I think it’s commendable and very upfront of you Selma to share these thoughts with us and this email too. I would be concerned too if my readership (which is still small but continues to grow each month) took a nosedive. I love my readers!!! Hugs and keep up all your wonderful work. You’ve got me as regular, like it or not.LOL πŸ˜‰


  8. I don’t know if the very occasional low moods I get could qualify as ‘depression’, but, during them, I can’t write.

    So, more power to your pen for being able to do so. Who knows, by sharing your ideas, thoughts and feelings, you may help someone in a similar situation who thought they were alone.

    Don’t do it too often, though! πŸ˜€


  9. Well, if you’re just looking for the most readers, stick with celebrity gossip or explicit sex. I blog for similar reasons you do, and as a result I also have those “wish I hadn’t said that” moments. Remember,you can always go back and delete stuff. I’ve never done this, and I bet you haven’t either.

    Many people feel uncomfortable when you bring up “the dark side”. I think this is because it reminds them of things they’d rather not think about. I’m very familiar with this phenomenon. It’s all the more reason to have a blog. Let’s not make this thing into a popularity contest – no one is grading you or threatening to fire you based on these figures (although I am being graded and threatened based on other figures, but that’s just me).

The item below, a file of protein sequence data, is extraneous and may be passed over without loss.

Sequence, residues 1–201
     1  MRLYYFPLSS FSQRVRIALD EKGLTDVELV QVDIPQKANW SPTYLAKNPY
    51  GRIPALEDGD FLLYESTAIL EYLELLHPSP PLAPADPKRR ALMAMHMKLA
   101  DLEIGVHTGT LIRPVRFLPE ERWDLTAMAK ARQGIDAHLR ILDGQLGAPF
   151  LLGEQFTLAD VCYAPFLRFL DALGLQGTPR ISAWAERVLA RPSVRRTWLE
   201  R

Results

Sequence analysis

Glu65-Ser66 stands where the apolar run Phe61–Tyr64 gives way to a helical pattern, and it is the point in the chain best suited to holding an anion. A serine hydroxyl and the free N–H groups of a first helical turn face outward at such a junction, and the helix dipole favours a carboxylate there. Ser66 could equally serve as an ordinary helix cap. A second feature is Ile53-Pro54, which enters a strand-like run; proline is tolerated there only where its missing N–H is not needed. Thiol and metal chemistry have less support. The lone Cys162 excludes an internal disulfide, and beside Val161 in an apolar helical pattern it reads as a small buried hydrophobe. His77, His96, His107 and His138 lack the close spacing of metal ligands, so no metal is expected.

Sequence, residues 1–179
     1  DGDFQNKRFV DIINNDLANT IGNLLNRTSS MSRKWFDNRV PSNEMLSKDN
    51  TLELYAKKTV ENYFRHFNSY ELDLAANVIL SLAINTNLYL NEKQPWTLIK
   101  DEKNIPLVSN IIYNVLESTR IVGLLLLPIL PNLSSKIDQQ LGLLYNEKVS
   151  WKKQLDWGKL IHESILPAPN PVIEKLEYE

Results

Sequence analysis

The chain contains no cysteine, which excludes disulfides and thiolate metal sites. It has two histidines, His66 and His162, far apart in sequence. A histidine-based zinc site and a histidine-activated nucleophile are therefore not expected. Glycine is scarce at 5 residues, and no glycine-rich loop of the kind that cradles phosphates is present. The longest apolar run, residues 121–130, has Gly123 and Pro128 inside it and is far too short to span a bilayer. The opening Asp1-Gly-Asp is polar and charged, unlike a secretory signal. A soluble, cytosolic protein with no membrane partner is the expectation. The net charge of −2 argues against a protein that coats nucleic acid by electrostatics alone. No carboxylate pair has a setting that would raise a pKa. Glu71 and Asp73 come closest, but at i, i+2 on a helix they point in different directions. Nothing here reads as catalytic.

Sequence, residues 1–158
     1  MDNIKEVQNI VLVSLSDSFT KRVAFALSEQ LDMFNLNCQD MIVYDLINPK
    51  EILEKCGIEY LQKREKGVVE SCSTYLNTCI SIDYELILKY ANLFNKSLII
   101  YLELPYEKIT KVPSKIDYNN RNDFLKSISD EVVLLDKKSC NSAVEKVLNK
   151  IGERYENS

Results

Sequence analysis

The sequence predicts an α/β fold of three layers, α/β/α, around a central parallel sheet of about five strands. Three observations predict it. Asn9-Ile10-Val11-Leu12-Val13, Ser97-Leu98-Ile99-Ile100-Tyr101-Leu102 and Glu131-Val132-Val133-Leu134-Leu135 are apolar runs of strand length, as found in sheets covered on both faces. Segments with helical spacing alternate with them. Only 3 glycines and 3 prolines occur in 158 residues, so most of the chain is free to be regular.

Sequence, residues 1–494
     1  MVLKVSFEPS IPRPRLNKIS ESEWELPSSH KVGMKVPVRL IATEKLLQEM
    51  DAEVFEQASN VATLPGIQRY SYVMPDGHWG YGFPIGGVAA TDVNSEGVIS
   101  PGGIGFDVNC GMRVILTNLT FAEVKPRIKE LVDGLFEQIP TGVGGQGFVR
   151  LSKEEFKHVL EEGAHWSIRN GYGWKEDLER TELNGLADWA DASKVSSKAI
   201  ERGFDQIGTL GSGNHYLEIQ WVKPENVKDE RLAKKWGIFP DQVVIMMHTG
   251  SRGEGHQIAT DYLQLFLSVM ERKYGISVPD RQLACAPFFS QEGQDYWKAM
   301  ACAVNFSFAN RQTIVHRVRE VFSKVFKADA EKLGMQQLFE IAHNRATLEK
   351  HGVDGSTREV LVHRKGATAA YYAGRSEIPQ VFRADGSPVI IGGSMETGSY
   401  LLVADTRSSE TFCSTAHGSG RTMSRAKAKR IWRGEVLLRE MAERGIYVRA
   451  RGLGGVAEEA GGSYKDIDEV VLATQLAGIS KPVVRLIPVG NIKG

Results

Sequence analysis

10. I wish had 200 readers to lose in a day. I don’t think you need one reason to blog, mine varies day by day. But the overriding motivation has always been that writing is like everything else, it improves with practice. Writing something for public consumption every day has been very good for me, both technically, exploring styles and approaches and in terms of discipline. I always think about Goethe in this context. How many books did he write on how many different subjects and all done with pen and candlelight? I wouldn’t worry about those 200 lost people, if one post disappears them they would have disappeared anyway, it’s the core readership that is of value and besides your writing is so wonderful blogging will only be a means to a far greater end for you, I suspect.


  11. For sure don’t worry about the stats. They can be all over the place for reasons I can’t figure out – I don’t check my stats often either but am always surprised though by the really small small percentage of folks who comment. Your blog is excellent and you should do and explore whatever you are drawn to do here. That is really the beauty part of the whole thing isn’t it?

    I blog partly because of the freedom, the putting it out there and just letting the writing run around on its own. Prior to blogging I had to wait for some publisher to get a piece into print before I could have the feeling that my words were ‘all grown up, and out on their own’ – I suppose that is kind of silly sounding, but I really do love getting the work out to people and blogging is a treasure beyond belief in that regard. The words go out when I am ready, I don’t have to wait on anyone (though sometimes perhaps I should) and then very quickly people let me know what they thought of the work – what moved them, or pissed them off, or what all. Heaven, pure heaven.